Two apparently contradictory impressions emerged from nearly three hours of oral argument Thursday before the Supreme Court: The case for Donald Trump’s eligibility to be president was quite weak, but the Supreme Court is expected to rule in his favor.
Based on the questions raised by the justices, it’s hard to imagine that five of them would agree with Colorado’s decision to bar Trump from running for president as an insurrectionist under the 14th Amendment.
The question before the court is whether Trump is disqualified from the presidency because of Section 3 of the amendment, which provides that no office holder who “has engaged in insurrection or rebellion against” the country “shall be a senator or representative in Congress, or an elector of the president and vice president, or occupy a function, civil or military, under the law.” UNITED STATES.”
The pleadings focused mainly on three issues. First, does Section 3 require that a law passed by Congress be enforced? Several justices indicated they supported the view that the provision is not “self-executing” and cannot be enforced without a federal law. Justice Brett M. Kavanaugh, for example, said the “original public sense” was that a law was needed to implement this section.
This argument is seriously flawed. For starters, this provision does not need a law to enforce it, nor do other constitutional presidential qualifications, which include being at least 35 years old, being a natural-born citizen, and not having previously fulfilled two mandates.
Additionally, the amendment clearly defines Congress’s role here: its final sentence gives lawmakers the authority to exempt an insurrectionist from this provision. But the amendment does not require congressional action to implement the section.
It is important to note that the Supreme Court declared in 1883 that the 14th Amendment is “definitely self-executing without any ancillary legislation. The main contrary authority, cited by Trump lawyer Jonathan Mitchell and relied upon by Kavanaugh, is not a Supreme Court decision but an 1869 opinion by Chief Justice Salmon Chase for a lower appeals court. As Justice Sonia Sotomayor pointed out, Chase later reached the opposite conclusion, holding that no law was required for disqualification and that Jefferson Davis, the President of the Confederacy, was clearly disqualified from the presidency of the UNITED STATES.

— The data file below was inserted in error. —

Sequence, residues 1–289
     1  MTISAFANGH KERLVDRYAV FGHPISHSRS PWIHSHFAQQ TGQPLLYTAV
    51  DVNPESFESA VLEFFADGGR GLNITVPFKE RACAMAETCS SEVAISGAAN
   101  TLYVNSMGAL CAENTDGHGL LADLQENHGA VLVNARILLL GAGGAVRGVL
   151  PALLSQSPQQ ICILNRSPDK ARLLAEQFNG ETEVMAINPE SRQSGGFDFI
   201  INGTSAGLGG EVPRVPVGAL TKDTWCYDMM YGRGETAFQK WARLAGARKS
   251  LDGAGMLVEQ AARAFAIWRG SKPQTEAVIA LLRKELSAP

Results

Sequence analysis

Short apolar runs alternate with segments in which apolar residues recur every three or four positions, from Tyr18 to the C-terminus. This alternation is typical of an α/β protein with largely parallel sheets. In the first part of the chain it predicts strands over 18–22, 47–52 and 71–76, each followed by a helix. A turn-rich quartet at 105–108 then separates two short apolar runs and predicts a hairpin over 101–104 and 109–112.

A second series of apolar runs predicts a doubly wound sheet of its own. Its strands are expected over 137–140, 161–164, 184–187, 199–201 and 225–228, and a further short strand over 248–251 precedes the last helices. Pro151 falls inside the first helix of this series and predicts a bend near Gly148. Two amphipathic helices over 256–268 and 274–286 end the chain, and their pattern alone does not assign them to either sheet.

A second issue that figured prominently in the oral argument is whether Section 3 applies to the President of the United States or only to other federal offices. Although they are ideologically opposed, Justices Neil M. Gorsuch and Ketanji Brown Jackson both focused on the section’s list of several offices without mentioning the president.
The problem with this argument is that Section 3 also speaks of “any function, civil or military.” The Constitution repeatedly refers to the president as an officer. As the Colorado Supreme Court explained, senators, representatives, and electors are listed as members of elected bodies that are not considered officers under the Constitution. But the President is an officer of the United States included in the expression “any office.”
The Court’s conservatives pride themselves on adhering to the original meaning of the Constitution, and those who drafted and ratified the 14th Amendment undoubtedly considered Section 3 to apply to the president. This was explicitly stated in the Senate.
Gorsuch also noted during the discussion that Section 3 only prohibits insurrectionists from being president, not from running for office. But it’s an absurd distinction that could lead to questions about whether Trump is only disqualified after his election, a nightmare scenario.
The third question that occupies much of the debate is whether Trump actually participated in an insurrection. Justice Samuel A. Alito Jr. questioned the evidence, while Kavanaugh noted that the former president had not been convicted of insurrection. But a Colorado court held a five-day hearing on the issue at which Trump could have testified, after which the judge concluded that he had indeed participated in an insurrection. And nothing in Section 3 or its history requires a criminal conviction.
Another pair from different ends of the Court’s ideological spectrum, Justices Elena Kagan and Amy Coney Barrett, questioned whether a state court should be able to make such a decision. But each case must begin in one state. Ultimately, it’s not so much about a state deciding as it is about the U.S. Supreme Court looking at the facts and the law – as courts always do – and deciding whether Section 3 disqualifies Trump.
This case gives the court an opportunity to show that it respects the law and the facts, not just the political preferences of the judges. My feeling, from the pleadings, is that we will have reason to be disappointed once again on this point.
I hope I’m wrong. If the court ignores the plain language and meaning of the 14th Amendment, it will be a loss to the Constitution and the country.
Erwin Chemerinsky is an Opinion contributing writer and dean of the UC Berkeley School of Law. His latest book is “Worse than nothing: The dangerous error of originalism.
Note: The content and images used in this article is rewritten and sourced from www.latimes.com